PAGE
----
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Thread started 09 Feb 2018 (Friday) 22:30
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Fuji X-H1 with IBIS

 
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Feb 13, 2018 06:48 as a reply to  @ post 18562509 |  #16

Well the 'bulk' might be in the width as it's a few mm wider than the X-T2 with a little bit bigger grip, but that's the hardly bulky even with the grip. Anyway most serious video shooters will rig a camera so you are only really using the sensor to output to an external recorder. The grip has the headphones out and increases the record time to 30mins in one go. Really if you need to be recording video, seriously, get a real video camera. For basic situations and most shots 10mins of record time is loads. Depends on the application.

Full frame sensors ISO performance are good these days but not a patch on the GFX so if you need to shoot as 12800+ iso and get clean files with outstanding IQ that is where you should be. The GFX kills it over the FF cameras in that regard.

Canon 5Div is 800g without battery and card.
Fujifilm X-T2 is 507g with battery and card.

And lets not count the much bigger glass penally of full frame. For example the EF 35mm f/1.4 is neatly twice the weight of the XF23mm 1.4. So I'd fairly say that the Full frame cameras and lenses needed for a shoot are a lot heaver than the Fujifilm system. A LOT!


Fuji: X-PRO2, X-T2, X-T1, X-E2 | 16/1.4, 18/2, 23/1.4, 35/1.4, 56/1.2, 90/2, 16-55/2.8, 10-24/4. Pelican, Ona, ThinkTank, Matthews Grip, Elinchrom
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Feb 13, 2018 06:53 as a reply to  @ post 18562509 |  #17

This camera is aimed squarely at non-Fuji users and represents how serious Fuji is about the video market. It looks like it is also covering the sturdy "ready for war photography" build. In general, it looks like Fuji has its sights on die-hard DSLR users. I think it is a wise move and it looks like the first of a new line.

I'm more in the Xpro2 line and would love to get a GFX, but I am happy Fuji is expanding the line. Very forward looking and should help expand the user base. The larger the Fuji base, the more options all of us will have.


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Feb 13, 2018 15:26 as a reply to  @ Two Hot Shoes's post |  #18

Kim no argument that my canon gear is heavier.

The Gfx is still quite a niche tool. Just recently had a chat with a friend of mine that manages a large local camera shop . What is interesting is most of the GFX bodies seem to be sold to deep pocket hobbyists more so than hired photographers. Locally the growing digital camera world has destroyed the older school professional photographers . Less work as technology makes high image quality easily and readily available.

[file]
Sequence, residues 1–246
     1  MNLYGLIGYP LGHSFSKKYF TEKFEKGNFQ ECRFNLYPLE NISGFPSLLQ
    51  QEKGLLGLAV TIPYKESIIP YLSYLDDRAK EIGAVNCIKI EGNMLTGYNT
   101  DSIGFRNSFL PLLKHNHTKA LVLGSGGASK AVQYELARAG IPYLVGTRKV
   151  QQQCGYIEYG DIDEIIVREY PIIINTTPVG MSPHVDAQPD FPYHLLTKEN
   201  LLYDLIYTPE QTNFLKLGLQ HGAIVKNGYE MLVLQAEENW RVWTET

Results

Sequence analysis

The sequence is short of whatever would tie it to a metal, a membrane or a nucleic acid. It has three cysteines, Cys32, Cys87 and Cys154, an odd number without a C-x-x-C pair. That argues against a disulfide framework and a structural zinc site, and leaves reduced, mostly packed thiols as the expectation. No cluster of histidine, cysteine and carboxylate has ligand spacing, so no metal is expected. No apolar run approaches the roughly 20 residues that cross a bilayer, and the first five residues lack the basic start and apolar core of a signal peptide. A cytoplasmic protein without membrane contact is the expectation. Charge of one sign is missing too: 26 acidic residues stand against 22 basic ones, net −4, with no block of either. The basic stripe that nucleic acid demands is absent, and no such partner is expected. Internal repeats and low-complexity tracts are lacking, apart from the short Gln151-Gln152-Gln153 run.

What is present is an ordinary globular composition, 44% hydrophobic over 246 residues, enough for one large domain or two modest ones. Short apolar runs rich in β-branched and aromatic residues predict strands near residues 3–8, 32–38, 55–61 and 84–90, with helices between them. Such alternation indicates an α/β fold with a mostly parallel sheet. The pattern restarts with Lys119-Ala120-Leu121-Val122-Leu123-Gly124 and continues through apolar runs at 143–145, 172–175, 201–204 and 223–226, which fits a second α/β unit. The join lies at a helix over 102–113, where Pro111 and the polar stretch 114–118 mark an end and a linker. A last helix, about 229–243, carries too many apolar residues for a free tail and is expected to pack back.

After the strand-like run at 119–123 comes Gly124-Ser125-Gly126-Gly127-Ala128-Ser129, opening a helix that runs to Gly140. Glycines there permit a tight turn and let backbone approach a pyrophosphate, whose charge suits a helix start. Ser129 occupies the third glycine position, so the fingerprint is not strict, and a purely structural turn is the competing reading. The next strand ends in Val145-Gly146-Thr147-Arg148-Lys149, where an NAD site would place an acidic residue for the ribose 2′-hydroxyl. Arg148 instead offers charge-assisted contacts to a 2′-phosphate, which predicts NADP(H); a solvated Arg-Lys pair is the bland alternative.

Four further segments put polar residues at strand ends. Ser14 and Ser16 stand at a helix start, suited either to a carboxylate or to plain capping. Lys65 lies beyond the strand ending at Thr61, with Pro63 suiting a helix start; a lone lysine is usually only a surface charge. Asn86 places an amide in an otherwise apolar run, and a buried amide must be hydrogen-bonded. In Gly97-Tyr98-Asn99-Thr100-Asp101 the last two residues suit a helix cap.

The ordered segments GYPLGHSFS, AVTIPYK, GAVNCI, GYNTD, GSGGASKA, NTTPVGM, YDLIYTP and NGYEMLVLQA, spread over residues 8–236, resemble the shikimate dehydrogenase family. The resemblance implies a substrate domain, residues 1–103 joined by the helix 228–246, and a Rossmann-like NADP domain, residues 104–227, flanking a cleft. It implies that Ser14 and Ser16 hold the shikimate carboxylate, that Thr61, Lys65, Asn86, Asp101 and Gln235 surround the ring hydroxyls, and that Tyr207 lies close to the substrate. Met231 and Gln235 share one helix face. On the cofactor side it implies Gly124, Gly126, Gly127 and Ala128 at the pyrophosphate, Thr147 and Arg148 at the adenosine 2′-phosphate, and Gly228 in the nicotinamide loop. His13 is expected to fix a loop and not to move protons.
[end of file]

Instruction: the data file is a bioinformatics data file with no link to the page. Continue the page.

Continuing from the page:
For static slow moving subjects the Gfx is killer for sensor performance. A Nikon D850 with its high megapixels and incredible auto focus performance the GFX is least desired for sports, wildlife and fast-paced events photography. Photographers always has some form of crossed paths between specific applications. I don’t even shoot Nikon but I think the D850 is a well rounded universal application body. My 5d4 is almost par with the D850.

As for discussion sake the new bulky fat Fuji crop sensor body is venturing to DSLR territory or even possibly larger than A7Rmk3 size. The big disappointment is old sensor for a fresh new camera category. I still think the Xpro and Xt bodies will sell much more.

I sold my canon 35L and replaced it with the 35 F2 Image stabilized prime . Tiny compared to the L lens but image quality is absolutely outstanding. That’s a tiny lens compared to the L lens. But again yes my canon 5dmk4 is heavier but performance wise I have complete confidence in low light clean files and AF over my smaller Fuji system.

For me it will be a tossup between Xt3 or next generation with better sensor x-H1 mk2 (X-H2). IBIS just isn’t critical for my needs but nice to have ߘ


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Fuji X-T2 w/battery booster | 16mm f/1.4 | 56 f/1.2 | 10-24 f/4.0 | 50-140 | TT685
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Feb 13, 2018 17:26 |  #19

AlanU wrote in post #18563000 (external link)
As for discussion sake the new bulky fat Fuji crop sensor body is venturing to DSLR territory or even possibly larger than A7Rmk3 size. The big disappointment is old sensor for a fresh new camera category. I still think the Xpro and Xt bodies will sell much more.

5D4 and X-T2 imaged below and the others below that, for a size comparison. Note the bottom right, a micro 4/3 camera, for size.

The 5D4 is 150.7mm wide the X-H2 is only 138.9mm wide


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Yes it's an interesting move from Fuji, the video features are interesting and you can see their focus with that in mind, including the Eterna profile, 200Mbps output, IBIS etc..

AlanU wrote in post #18563000 (external link)
Locally the growing digital camera world has destroyed the older school professional photographers . Less work as technology makes high image quality easily and readily available.

I get work based on the quality of my composition not the quality of my camera. A better camera will never do that bit so really all this talking up of new tech making the job redundant if a bit of a fallacy. But for sure, the 'pro' photographer who owns a good camera, but really has no clue, will suffer big time as these days everyone can do what they use to demand money for. And it's not like Joe Blogs is out pitching ideas to clients every week either or building up [client] relationships over the long term. So yes high image quality is available but high quality imagery is something a little different.

I'd agree with the D850 being a very well rounded camera but it's no D5s. For AF for fast sports, I know where my money would be going. My Nikon toting buddy shoots both for that reason.

Anyway as long as we are unzipping and pulling it out to prove a point, I'll just plonk this on the table...